Here Are The Only Photo Apps For iPhone You’ll Ever Need

It was my first iPhone (the humble 3GS) that catapulted my passing interest in photography into a full-blown obsession. At that time, it was hard to get anyone to take cell phone photography seriously. No surprise, considering the low megapixel counts and terrible low light performance in the smartphone cameras of the time. Despite (or perhaps inspired by) those limitations, a small fraction of mobile phone photographers began to grow into an army. And so did the photo apps for iPhone.

Camera and editing apps by the millions began flooding the app stores. The camera in your pocket became a full-blown photo processing and sharing device as well. Fast forward a few years and our cell phones began coming equipped with extremely powerful cameras and amazing post-processing apps. Now, there’s no excuse for failing to get great photos with your phone in any but the most extreme shooting situations.

The Only Photo Apps For iPhone You Need On Your Device

With that in mind, here’s a roundup of my favorite photo apps for iPhone to guide you through the cluttered app stores. With just this handful of apps, you’ll be nailing smartphone photography in no time. No one will believe you took THAT photo with your phone.

Snapseed

It has a simple but powerful interface and some unique and distinct filters. Nothing else gets results quite the same as Snapseed “grunge”. You can improve your smartphone photos in seconds by adding a little ambiance, structure, tonal contrast and vignette. You can perform local adjustments, or remove unwanted elements with the healing brush. Have a signature style? Easy peasy, just copy your last edits to another photo. You can even edit RAW DNG files.

For the very reasonable price of free, there is no reason not to download this app right now. If you want to further master your Snapseed editing skills, you can check out this book for some helpful tips and tutorials.

shot and edited with photo apps for iphone

The grunge effect in the Snapseed app has a very distinctive look. Photo created with iPhone 6s by Tracy Munson and edited in Snapseed.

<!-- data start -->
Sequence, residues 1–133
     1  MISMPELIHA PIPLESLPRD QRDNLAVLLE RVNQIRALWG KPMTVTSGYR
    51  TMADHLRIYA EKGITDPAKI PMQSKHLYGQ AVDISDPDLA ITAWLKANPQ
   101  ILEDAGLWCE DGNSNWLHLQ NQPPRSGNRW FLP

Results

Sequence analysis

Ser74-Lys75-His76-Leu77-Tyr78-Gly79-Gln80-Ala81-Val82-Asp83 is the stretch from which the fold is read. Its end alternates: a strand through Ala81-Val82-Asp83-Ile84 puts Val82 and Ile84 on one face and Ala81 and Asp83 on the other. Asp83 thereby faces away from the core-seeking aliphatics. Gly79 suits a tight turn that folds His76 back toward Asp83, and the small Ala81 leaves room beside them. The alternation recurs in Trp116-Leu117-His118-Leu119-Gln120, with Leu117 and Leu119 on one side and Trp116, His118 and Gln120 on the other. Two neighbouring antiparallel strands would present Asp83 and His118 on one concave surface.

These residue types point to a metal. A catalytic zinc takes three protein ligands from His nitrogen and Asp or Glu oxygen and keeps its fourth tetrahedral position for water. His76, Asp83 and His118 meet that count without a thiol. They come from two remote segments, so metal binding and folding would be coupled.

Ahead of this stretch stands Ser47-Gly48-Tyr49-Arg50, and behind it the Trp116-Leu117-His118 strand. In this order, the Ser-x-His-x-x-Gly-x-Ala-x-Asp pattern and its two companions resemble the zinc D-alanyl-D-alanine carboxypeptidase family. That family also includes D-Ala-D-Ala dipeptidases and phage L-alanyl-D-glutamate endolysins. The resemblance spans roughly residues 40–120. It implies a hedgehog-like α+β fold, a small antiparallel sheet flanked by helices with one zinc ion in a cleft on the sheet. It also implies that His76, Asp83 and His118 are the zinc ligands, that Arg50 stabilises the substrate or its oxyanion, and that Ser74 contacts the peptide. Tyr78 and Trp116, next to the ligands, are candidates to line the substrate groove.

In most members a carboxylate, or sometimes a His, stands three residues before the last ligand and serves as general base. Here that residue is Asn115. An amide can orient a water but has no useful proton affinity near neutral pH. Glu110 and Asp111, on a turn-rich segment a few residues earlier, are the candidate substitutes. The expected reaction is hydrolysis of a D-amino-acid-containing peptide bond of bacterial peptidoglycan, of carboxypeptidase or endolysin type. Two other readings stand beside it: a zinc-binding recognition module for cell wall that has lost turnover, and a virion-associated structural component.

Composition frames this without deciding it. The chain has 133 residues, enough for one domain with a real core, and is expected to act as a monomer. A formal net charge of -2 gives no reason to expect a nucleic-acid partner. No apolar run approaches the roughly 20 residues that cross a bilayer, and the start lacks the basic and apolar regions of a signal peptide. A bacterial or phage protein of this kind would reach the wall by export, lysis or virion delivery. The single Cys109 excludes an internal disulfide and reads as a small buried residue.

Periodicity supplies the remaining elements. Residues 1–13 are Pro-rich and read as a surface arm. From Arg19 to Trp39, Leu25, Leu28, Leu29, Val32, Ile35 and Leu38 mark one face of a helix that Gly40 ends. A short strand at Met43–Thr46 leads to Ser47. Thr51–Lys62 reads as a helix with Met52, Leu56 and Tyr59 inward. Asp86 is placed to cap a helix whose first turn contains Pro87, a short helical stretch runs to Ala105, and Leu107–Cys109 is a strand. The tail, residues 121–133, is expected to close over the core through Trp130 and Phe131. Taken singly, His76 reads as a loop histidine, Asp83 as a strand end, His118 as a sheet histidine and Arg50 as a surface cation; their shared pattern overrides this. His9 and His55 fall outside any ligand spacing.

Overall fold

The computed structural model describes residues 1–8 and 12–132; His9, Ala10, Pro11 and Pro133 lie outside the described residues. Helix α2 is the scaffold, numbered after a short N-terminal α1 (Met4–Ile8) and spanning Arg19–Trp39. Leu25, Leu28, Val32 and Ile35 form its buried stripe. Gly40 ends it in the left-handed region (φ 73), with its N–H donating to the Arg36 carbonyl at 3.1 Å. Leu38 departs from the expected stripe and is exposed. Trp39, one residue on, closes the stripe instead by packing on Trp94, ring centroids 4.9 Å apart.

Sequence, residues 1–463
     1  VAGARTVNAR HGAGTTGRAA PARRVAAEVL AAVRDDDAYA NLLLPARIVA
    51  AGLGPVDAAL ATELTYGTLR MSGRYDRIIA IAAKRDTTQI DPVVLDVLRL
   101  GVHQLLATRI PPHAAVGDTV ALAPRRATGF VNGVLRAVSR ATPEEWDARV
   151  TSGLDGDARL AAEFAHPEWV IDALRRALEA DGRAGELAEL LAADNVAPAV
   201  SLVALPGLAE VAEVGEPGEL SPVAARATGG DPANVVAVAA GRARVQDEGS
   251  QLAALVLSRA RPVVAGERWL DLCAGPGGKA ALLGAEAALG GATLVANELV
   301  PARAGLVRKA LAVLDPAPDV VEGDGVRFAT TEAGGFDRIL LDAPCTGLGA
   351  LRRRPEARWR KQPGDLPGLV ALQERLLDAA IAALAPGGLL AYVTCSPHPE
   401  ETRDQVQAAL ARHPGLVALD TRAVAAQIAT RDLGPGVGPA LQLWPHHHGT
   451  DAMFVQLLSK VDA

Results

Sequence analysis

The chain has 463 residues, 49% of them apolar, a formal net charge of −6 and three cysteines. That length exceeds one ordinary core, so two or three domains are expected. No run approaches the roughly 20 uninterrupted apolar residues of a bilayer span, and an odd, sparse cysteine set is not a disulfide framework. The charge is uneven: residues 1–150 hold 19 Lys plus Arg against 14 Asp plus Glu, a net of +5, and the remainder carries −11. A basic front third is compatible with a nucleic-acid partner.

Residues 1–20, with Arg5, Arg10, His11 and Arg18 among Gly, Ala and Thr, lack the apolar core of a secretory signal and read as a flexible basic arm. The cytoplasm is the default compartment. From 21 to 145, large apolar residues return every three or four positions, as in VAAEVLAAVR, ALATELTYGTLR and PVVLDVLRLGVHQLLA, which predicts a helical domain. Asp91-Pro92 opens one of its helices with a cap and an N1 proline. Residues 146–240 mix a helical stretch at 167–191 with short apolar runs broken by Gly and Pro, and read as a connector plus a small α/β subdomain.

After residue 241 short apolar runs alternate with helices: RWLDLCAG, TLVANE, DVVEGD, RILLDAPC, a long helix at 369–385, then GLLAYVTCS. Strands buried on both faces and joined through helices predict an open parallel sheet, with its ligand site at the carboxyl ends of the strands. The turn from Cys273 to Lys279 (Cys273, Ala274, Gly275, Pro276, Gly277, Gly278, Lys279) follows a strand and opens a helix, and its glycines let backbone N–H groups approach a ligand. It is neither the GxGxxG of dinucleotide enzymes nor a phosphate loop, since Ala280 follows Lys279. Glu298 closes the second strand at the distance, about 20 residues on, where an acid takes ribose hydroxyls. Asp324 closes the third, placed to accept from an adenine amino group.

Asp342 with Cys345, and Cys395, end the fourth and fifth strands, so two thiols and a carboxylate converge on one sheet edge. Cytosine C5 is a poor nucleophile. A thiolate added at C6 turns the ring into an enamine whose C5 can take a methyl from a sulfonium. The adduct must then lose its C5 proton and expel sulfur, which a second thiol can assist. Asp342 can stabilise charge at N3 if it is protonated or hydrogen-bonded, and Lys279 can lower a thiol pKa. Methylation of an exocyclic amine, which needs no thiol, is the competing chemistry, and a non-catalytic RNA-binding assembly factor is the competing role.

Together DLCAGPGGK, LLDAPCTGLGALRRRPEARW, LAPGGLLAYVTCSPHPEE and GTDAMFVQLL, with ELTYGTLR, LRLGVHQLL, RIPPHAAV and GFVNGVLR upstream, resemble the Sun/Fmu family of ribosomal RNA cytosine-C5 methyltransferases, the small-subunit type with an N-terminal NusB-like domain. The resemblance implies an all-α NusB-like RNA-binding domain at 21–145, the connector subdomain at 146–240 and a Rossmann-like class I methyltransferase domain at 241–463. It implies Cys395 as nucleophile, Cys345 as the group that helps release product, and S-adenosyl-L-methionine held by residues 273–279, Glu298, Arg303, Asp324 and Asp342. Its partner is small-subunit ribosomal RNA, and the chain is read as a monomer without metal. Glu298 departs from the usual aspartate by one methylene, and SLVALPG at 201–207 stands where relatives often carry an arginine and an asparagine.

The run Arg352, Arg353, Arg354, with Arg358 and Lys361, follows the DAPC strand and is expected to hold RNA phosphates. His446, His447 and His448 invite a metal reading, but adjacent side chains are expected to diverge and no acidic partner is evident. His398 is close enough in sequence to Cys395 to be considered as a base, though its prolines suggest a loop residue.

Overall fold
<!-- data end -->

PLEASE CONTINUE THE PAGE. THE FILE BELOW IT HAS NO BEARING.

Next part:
Pro HDR-X

For mind-blowing sunsets and sunrises or just plain harshly lit scenes, Pro HDR-X will come to the rescue. Your camera sensor just can’t “see” with as much dynamic range as your eyes do. That’s why you get either beautiful colors of the sunset, or a properly exposed foreground, but never both. HDR stands for “high dynamic range” and it’s a technique where images taken at different exposures are blended together to look more like what your eyes see.

There are tons of HDR apps and I’ve tried most of them. Pro HDR-X produces the best results I’ve seen. One thing to keep in mind when using any HDR technique is that you must keep perfectly still for long enough to get both exposures and don’t overdo the HDR effects. You will not get good results with moving subjects. For $1.99, it’s money well spent.

shot and edited with a photo app for iphone
Photo by Gabriel Santiago

Manual

The Manual app allows you to take control of your camera settings, namely shutter speed and ISO. This can be somewhat useful, but it’s not the best feature of the app. Saving photos in the RAW DNG file format is my real reason for using Manual. Any of the recent iPhones with 12 MP cameras or better are capable of saving RAW DNG files. Most Androids are also capable of doing so. This is a game changer that adds significant legitimacy to the art of mobile phone photography. Most phones don’t save RAW DNG’s from the native camera app and that’s where apps like Manual come in.